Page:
Sometimes we all need one more try. This excerpt from Yoshi's Paintbrush (starting on page 15) sums up how fixing something ought to be:
Yoshi timidly picked up the pen and started to write, only to discover there was indeed no ink coming out of the pen.
"Umm, this pen doesn't seem to be working. I think it's out of ink."
The young clerk wrinkled his eyebrows. "People assume so much--assumings thingies are broken just because they don't work eks-actly the way they ek-spect them to. Did you tell it to write?"
Yoshi shook her head.
"Then just asks it."
Yoshi whispered in her mind, "Please work, ink. Please work, pen." And despite feeling stupid for doing such a bizzare thing, she was relieved that it actually worked.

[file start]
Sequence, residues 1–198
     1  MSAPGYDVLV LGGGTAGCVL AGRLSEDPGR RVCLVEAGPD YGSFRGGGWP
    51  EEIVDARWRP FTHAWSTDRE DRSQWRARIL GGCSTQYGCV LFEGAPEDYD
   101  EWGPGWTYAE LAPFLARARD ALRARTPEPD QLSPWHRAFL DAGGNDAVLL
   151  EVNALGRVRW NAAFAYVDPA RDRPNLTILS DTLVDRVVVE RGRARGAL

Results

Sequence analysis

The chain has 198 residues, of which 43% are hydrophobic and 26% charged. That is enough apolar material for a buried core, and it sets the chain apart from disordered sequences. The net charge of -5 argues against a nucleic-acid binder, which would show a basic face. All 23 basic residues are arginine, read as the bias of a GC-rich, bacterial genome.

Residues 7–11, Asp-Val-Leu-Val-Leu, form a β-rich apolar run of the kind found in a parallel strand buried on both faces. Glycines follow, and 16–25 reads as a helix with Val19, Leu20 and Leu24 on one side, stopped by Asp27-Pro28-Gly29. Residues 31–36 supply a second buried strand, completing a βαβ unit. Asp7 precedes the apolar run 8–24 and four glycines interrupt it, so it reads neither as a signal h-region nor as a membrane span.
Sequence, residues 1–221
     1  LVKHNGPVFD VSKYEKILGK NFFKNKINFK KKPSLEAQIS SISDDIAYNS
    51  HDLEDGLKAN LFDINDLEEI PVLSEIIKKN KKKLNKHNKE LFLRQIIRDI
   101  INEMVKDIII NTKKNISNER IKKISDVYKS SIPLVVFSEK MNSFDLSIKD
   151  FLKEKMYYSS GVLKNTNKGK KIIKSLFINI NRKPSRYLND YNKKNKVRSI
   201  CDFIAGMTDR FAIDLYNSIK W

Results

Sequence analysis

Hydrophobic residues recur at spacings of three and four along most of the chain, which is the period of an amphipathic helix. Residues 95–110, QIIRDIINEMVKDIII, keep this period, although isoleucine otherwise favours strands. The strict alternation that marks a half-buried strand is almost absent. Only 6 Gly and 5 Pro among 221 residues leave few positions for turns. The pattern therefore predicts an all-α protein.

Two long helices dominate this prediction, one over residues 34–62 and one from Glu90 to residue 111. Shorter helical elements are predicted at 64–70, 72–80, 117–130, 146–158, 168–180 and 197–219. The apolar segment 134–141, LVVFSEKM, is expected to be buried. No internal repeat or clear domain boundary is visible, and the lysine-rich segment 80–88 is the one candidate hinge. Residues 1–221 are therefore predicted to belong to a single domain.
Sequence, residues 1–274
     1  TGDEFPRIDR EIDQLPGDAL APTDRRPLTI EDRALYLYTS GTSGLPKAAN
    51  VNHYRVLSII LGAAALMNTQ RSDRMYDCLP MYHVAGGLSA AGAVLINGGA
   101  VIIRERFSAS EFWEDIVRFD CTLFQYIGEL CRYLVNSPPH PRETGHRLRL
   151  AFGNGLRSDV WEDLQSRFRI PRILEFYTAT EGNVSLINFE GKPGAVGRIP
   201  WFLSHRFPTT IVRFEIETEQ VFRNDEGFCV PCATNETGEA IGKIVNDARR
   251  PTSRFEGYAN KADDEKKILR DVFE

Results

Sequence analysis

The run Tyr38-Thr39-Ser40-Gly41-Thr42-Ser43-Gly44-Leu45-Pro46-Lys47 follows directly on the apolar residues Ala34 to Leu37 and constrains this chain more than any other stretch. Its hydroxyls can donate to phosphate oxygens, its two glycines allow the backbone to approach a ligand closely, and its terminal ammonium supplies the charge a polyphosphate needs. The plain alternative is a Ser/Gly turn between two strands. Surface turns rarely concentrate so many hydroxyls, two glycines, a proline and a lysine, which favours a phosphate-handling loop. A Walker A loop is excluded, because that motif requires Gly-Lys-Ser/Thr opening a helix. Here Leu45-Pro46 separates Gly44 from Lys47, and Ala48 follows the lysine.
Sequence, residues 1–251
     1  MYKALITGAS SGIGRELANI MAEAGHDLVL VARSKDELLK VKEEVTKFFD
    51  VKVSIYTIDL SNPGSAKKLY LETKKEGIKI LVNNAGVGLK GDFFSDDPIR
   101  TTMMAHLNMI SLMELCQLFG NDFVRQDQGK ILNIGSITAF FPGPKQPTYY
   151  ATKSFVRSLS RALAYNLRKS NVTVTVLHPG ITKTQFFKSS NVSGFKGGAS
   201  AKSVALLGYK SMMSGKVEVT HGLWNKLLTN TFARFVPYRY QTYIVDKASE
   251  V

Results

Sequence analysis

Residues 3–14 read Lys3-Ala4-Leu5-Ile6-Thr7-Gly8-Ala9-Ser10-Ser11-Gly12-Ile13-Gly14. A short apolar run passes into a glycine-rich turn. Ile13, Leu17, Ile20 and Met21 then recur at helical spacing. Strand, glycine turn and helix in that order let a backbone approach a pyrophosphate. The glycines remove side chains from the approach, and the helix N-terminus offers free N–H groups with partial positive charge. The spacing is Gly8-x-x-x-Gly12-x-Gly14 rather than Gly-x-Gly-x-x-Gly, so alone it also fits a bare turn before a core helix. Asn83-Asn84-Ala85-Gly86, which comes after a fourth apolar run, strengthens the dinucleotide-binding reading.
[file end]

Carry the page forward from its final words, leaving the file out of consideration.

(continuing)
We are so used to putting expectations on objects to function the way we want them to that we carry over those feelings into our view of other people. If an object doesn't do what it is supposed to, it's broken. And thus we see people we don't understand as being 'broken' people. Take the character Jyger, for example. He responds to Yoshi in the excerpt above. His speech is definitely not normal, so does that mean it is broken? Surely he's noticed that he sounds different from other people. Does he choose to speak that way? There doesn't have to be something wrong with a person for them to do something differently. Maybe we should put one more try into our thinking and view Jyger not as a person whose speech needs to be fixed, but as someone who is unique.